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Diversion in operation
Many people with mental health problems or learning disabilities come into contact with the criminal justice system. What happens next is crucial to their future well-being. Strangely enough it can be a key starting point in getting good treatment and access to services. Lord Bradley issued a report in 2009 highlighting opportunities for people to be ‘diverted’ from the criminal justice system to get the mental health care they need. This summer, he was invited to review progress and has published a report appropriately titled ‘The Bradley Report five years on'.
I want to explore some of its findings.
In a public place
People can find themselves involved with the police or courts for all sorts of reasons. They might be removed to a place of safety by the police under section 136 of the Mental Health Act; they might be arrested on suspicion of an offence; or they might find themselves in court after being charged. If part of the reason they’ve found themselves in this position is because of their own mental disorder, it’s important they get timely intervention to support them.
The new Bradley Report has highlighted a number of areas of change. There’s a lot of discussion at the moment about police powers to remove someone they find suffering from a mental disorder in a public place, and in particular the number of people taken to a police station as a first place of safety. This is not always the most appropriate place. There have been some initiatives in the last few years whereby mental health staff have worked alongside police officers in the street and in police stations, and this has often reduced the need to use police powers. Bradley welcomes this development.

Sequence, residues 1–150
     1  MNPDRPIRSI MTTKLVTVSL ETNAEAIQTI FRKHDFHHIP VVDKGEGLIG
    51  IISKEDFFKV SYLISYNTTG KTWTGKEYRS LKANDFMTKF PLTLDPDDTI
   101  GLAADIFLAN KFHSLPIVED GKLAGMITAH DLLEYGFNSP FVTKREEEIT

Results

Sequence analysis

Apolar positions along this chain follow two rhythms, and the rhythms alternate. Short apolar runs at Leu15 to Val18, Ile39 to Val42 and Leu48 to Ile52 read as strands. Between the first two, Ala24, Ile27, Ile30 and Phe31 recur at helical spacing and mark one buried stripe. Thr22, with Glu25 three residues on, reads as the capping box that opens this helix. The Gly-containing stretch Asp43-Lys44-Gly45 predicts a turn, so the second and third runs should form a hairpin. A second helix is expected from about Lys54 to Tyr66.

If a vulnerable person is detained at a police station, the Police and Criminal Evidence Act Code of Practice says they should have an appropriate adult with them during interviews. Bradley regrets that there is no requirement on anyone to provide the appropriate adult (who can be a volunteer). This is a key area where people can be vulnerable, and presents an early chance to identify mental health problems.
Bradley stresses the importance of mental health awareness training for staff at various points in the justice ladder. That includes police officers, magistrates and prison officers. Bradley says that meeting and working alongside mental health professionals can be just as useful, if not more useful, than a formal training session.